On appeal from the Superior Court of New Jersey, Law Division, Atlantic County, Indictment No. 06-06-1296.
NOT FOR PUBLICATION WITHOUT THE APPROVAL OF THE APPELLATE DIVISION
Argued November 10, 2010 - Decided Before Judges Lihotz and J. N. Harris.
Johnny Lee Rollins -- an erstwhile friend of defendant Natalia Alvarez -- was found dead wrapped in bed sheets inside a shopping cart located in the back of a Jeep on January 23, 2006.
Defendant was indicted for several crimes associated with Rollins' death on June 7, 2006. An Atlantic County indictment charged defendant with murder, N.J.S.A. 2C:11-3(a)(1) and -3(a)(2) (count one); second-degree possession of a handgun for an unlawful purpose, N.J.S.A. 2C:39-4(a) (count two); second-degree aggravated assault, N.J.S.A. 2C:12-1(b)(1) (count three); third-degree possession of a weapon for unlawful purposes, N.J.S.A. 2C:39-4(d) (count four); fourth-degree possession of a weapon under circumstances not manifestly appropriate, N.J.S.A. 2C:39-5(d) (count five); and fourth-degree tampering with physical evidence, N.J.S.A. 2C:28-6(l) (count six).
Defendant filed a two-pronged motion to suppress the physical evidence seized in her apartment and prohibit the use of her statements given to police. After the motion was denied on June 28, 2007, defendant pled guilty on December 11, 2007, to reckless manslaughter, N.J.S.A. 2C:11-4(b)(1) (as amended through count one), and to a new accusation charging her with first-degree robbery, N.J.S.A. 2C:15-1, both relating to Rollins' homicide. Subsequently, defendant was sentenced to an aggregate term of fifteen years incarceration, with an eighty-five percent period of parole ineligibility pursuant to the No Early Release Act (NERA), N.J.S.A. 2C:43-7.2.
On appeal, defendant contends, "the State failed to meet its heavy burden of showing that the consent [to search] was voluntary." In addition, because defendant "appeared before the court for sentencing with no prior criminal record of any kind," defendant claims that her sentence is tainted by the failure of the sentencing judge to consider mitigating factor seven N.J.S.A. 2C:44-1(b)(7) (no prior criminal history). Based upon our examination of the record, the arguments of counsel, and the applicable law, we affirm in all respects.
At the suppression hearing, the State presented the following evidence. After discovering the body of Rollins and determining that phone records revealed calls made between Rollins' cellular telephone and an address -- defendant's residence -- in Atlantic City, homicide investigators placed the locale under surveillance. The investigators also had developed information suggesting that defendant and the decedent had been acquainted.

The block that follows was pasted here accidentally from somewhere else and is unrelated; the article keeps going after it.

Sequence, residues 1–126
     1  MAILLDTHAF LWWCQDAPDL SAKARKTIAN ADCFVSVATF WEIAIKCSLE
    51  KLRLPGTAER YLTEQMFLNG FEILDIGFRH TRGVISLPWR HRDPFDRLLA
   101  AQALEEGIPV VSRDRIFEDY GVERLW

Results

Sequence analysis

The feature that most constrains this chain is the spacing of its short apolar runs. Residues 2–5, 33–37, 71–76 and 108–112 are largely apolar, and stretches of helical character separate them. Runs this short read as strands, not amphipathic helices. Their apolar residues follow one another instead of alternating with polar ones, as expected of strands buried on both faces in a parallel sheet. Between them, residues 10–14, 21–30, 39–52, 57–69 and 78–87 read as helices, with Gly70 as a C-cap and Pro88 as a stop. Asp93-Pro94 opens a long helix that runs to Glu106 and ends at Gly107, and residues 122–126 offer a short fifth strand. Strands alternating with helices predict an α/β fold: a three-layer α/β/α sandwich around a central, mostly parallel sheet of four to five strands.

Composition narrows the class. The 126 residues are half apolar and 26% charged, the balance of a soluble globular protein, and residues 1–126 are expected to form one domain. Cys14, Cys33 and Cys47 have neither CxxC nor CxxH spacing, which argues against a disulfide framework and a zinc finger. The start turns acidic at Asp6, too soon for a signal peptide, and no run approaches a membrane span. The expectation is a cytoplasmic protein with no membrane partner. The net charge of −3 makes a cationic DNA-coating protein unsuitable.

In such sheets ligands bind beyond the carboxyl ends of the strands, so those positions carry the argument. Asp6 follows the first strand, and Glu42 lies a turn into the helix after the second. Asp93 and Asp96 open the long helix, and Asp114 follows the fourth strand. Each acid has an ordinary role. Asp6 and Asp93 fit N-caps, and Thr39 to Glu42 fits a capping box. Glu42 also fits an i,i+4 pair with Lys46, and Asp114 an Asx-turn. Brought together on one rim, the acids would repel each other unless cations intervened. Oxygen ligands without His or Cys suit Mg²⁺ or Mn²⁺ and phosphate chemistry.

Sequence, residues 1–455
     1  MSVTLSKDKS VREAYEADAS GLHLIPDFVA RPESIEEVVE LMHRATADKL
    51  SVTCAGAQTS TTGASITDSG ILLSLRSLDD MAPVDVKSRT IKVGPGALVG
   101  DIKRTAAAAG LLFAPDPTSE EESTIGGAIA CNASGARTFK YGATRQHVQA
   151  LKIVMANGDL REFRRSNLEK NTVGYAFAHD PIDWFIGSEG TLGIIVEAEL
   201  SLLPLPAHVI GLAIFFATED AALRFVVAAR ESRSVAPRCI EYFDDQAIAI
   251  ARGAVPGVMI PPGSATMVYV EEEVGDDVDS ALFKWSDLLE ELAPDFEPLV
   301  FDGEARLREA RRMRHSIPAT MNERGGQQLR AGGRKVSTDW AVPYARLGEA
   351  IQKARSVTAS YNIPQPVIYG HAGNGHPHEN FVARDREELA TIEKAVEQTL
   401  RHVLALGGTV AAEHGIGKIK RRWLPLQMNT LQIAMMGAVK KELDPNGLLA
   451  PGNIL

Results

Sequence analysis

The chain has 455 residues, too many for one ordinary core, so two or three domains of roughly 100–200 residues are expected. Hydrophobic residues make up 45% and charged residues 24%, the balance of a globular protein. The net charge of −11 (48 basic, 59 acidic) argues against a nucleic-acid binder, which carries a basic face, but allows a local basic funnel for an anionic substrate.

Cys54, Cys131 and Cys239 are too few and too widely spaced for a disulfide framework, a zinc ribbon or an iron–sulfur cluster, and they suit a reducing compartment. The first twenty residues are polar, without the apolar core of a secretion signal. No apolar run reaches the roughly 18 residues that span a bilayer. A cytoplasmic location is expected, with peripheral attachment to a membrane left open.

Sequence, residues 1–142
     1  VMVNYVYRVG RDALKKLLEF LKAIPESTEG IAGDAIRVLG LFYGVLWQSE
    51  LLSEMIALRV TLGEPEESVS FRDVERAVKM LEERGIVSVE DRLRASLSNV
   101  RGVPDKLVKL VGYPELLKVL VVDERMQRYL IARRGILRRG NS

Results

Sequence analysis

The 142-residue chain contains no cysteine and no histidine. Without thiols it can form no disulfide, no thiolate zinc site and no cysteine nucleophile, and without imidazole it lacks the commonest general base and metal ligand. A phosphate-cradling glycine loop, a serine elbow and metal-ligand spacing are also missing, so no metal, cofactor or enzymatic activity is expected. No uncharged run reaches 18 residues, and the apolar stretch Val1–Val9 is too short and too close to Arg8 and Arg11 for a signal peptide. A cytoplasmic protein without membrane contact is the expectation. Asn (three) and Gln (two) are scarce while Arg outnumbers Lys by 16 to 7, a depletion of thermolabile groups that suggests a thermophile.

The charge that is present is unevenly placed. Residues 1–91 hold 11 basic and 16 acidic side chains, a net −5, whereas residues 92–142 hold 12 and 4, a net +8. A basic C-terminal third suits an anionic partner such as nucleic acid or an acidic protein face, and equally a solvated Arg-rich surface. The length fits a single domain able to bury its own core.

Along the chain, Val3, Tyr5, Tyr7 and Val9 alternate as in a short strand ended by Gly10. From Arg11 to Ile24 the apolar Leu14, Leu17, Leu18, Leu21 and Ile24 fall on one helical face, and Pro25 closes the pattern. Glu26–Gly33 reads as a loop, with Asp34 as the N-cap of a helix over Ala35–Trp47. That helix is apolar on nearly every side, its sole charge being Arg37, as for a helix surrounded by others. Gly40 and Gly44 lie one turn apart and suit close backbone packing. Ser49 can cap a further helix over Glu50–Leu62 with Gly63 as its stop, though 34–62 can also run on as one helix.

Three members of the Atlantic County Prosecutor's Office and an affiliated member of the Atlantic City Police Department -- Sergeant Michael Quigley, Sergeant Michael Corrado, Investigator Heather McManus, and Investigator Michael Graham -- approached defendant's basement apartment in plain clothes and knocked on the door. Defendant answered and opened the door to find all four investigators outside. After identifying themselves as members of the Major Crimes Section of the Atlantic County Prosecutor's Office who were investigating a homicide, defendant was asked "if [the investigators] could step in," and defendant "complied and let [the investigators] inside." Sergeant Corrado expressly testified, "[w]e were invited in," and so they went inside.
After conducting a protective sweep of the apartment, which was then occupied by defendant and two other persons, two of the investigators asked defendant to accompany them to the Margate Police Department for further questioning about Rollins' death. No physical evidence was observed, collected, or seized from the apartment at that time. Defendant changed her clothes and left with investigators Quigley and Graham after approximately thirty minutes. Defendant was not placed under arrest, restrained, or handcuffed on the trip to Margate. Later, she was transported to the Atlantic County Prosecutor's Office in Mays Landing, given her Miranda*fn1 warnings, and eventually gave a videographed statement that implicated defendant in the death of Rollins.
After learning that the apartment was leased to defendant's mother, Adelia Castellano, investigators Corrado and McManus left the apartment to try and find her to obtain consent to fully search the apartment. Castellano, who was also known as Tania Denizard, was located at her place of employment, an eating establishment at the Tropicana Hotel and Casino. After introducing themselves, the investigating officers told Castellano of their homicide inquiry and the reasons why they wanted to search her apartment. Even though English was not her first language, Castellano was able to communicate freely with the investigators and cooperatively executed a written consent to search her premises. Sergeant Corrado testified,
I read the whole consent to search form to her, and we obtained consent to search form there, I asked her if she understood the consent form. She said she did. I, during that time, I explained to her that she had the right to refuse to give consent and that if she refused us we would have to apply for a search warrant. I also explained to her that she had the right to stop the search at any time once we started the search, if she gave consent.
Armed with this consent form, the search ensued. Within minutes, Sergeant Corrado located a bed sheet on the top shelf of the living room closet that appeared to match the bed sheet in which the victim's body was wrapped. After locating the bed sheet, the ...